• Remove ads on the forum by becoming a donating member. More here.

Search 69,459 Camino Questions

How to get the soap residue out of socks

peregrina2000

Moderator
Staff member
I typically wash my clothes by hand with a bar of Lagarto soap. It’s non-chemical and is the soap I was introduced to back in Spain in the 70s.

When you wash clothes by hand, you typically rub the soap directly onto the fabrics you are washing. I find that this has made my smartwood socks stiff, so I’m assuming that the soap has somehow attached to the fibers of the socks. I’ve put them through several cycles on the washing machine, and no change. Does anyone have any good ideas about how to get that residue out?
 
Get a spanish phone number with Airalo. eSim, so no physical SIM card. Easy to use app to add more funds if needed.
Get a spanish phone number with Airalo. eSim, so no physical SIM card. Easy to use app to add more funds if needed.
It might not be residue. It might be wear and tear on the wool fibers, even to the point of mild felting.

This sock company has a substantial webpage on sock care, washing (by hand and machine), drying and storing.

Looks like @C clearly knows what is going on; here's a snippet about mistakes to avoid from the webpage:
  • Aggressive Rubbing or Scrubbing: This can damage the wool fibers and cause pilling or felting. Always handle your wool socks gently, especially when hand washing.
  • Using Harsh Detergents: Harsh detergents can strip the natural oils from the wool, making it feel rough and dry. Always use a mild, wool-friendly detergent.
 
A selection of Camino Jewellery
Do they still have ‘stretch’ in them or have they thickened as well as become almost impossible to stretch width-ways? Do they soften up on wearing?

They may have ‘felted’.
This happens to my socks if I use water that’s more than lukewarm - or if they get spun in the washing machine.

If the rinse water no longer feels soapy, then I think it’s not the soap. And if it’s bar laundry soap, then that’s probably pretty natural and OK for wool.
 
Here I am speaking with no knowledge - that is allowed here on the forum, isn't it? 🤪
Notwithstanding your emoji and status as a moderator, and as I have no say on what is allowed, I find there is too much "no knowledge" on the forum. :-( There are threads where people want information, and there are other threads where "no knowledge" is obviously part of the banter, or slightly intoxicated ramblings (like they probably do whilst on a Camino) of people filling in time before their next Camino, et al.
 
I use savon de Marseilles -- and I've never had this problem.

If it's just the socks and no other clothing, I'd say it's possibly either some consequence of wear and tear on the socks, or some weird interaction between those particular socks and that particular soap.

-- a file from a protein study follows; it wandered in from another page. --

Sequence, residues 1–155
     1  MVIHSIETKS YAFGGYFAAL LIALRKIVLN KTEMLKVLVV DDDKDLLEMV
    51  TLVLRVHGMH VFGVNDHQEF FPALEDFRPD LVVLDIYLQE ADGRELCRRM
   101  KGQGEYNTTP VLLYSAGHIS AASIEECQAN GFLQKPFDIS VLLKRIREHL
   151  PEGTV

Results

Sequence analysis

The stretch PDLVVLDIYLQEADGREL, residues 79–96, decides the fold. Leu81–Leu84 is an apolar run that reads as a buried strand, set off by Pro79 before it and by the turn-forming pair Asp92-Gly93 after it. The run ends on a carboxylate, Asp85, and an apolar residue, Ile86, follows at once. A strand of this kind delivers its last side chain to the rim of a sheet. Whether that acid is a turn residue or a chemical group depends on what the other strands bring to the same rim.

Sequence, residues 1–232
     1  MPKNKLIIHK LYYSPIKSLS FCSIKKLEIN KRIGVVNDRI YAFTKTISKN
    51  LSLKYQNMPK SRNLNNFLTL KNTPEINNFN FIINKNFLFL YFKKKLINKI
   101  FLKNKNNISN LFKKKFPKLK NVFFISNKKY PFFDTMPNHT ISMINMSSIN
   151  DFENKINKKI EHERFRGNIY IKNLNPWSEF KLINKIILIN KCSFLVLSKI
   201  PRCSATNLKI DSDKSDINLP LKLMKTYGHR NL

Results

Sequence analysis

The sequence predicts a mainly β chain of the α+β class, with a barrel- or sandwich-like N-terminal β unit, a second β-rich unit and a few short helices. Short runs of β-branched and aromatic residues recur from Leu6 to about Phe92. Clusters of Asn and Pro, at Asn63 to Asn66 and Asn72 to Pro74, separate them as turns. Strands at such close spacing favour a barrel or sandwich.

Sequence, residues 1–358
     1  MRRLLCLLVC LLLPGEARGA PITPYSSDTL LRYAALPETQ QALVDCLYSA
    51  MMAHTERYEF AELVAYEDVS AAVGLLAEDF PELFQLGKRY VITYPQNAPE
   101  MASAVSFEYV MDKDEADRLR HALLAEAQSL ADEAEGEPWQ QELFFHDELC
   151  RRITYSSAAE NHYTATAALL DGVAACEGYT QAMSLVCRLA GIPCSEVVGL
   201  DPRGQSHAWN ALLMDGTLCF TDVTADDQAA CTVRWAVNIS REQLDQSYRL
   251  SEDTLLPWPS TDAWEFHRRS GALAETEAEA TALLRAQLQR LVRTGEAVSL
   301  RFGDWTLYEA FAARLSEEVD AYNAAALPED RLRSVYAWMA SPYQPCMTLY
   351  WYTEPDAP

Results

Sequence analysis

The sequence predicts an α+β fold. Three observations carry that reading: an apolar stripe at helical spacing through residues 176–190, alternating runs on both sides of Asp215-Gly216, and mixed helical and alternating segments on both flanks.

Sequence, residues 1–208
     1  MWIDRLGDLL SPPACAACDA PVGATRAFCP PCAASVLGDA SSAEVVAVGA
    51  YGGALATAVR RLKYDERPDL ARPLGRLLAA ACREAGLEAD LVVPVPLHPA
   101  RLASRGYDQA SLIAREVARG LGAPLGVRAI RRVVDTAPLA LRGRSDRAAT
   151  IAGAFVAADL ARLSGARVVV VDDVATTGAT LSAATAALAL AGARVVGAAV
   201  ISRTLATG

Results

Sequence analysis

3rd Edition. More content, training & pack guides avoid common mistakes, bed bugs etc
Notwithstanding your emoji and status as a moderator, and as I have no say on what is allowed, I find there is too much "no knowledge" on the forum. :-( There are threads where people want information, and there are other threads where "no knowledge" is obviously part of the banter, or slightly intoxicated ramblings (like they probably do whilst on a Camino) of people filling in time before their next Camino, et al.
I think that’s harsh, @Sirage. I threw out a question whose answer I could not find on google, and people threw back some theories that might explain what was going on. No harm done here, it seems to me - no one is advocating illegal or immoral action, no one is tellling me I’m stupid, no one is violating any forum rule that I can think of.

And in the end, my guess is that those who are suggesting that it was “felting” going on are right. As I stayed in private places this camino, I had access to hot water to wash my clothes, and I should have remembered that hot water and wool do not mix well. I am going to try some of the other suggestions since they can’t hurt, though!
 
I should have remembered that hot water and wool do not mix well.

This winter I bought a nice, thick 100% pure wool Norwegian sweater. It came with extensive instructions on how to care for it and wash it. I also always thought that hot washing and wool were no-go, so what surprised me was that the instructions said, that if needed it can be washed at 60 C and even hotter as long as you do not rub or scrub or wring it or in general expose it to ‘rough handling’. That is why washing machine wool-cycles only moves the wool clothes very slow and gently. After warm washing, it should be ‘flat dried’ and gently pulled into shape. This indicates that it is the ‘rough handling’ and not the heat that is the problem.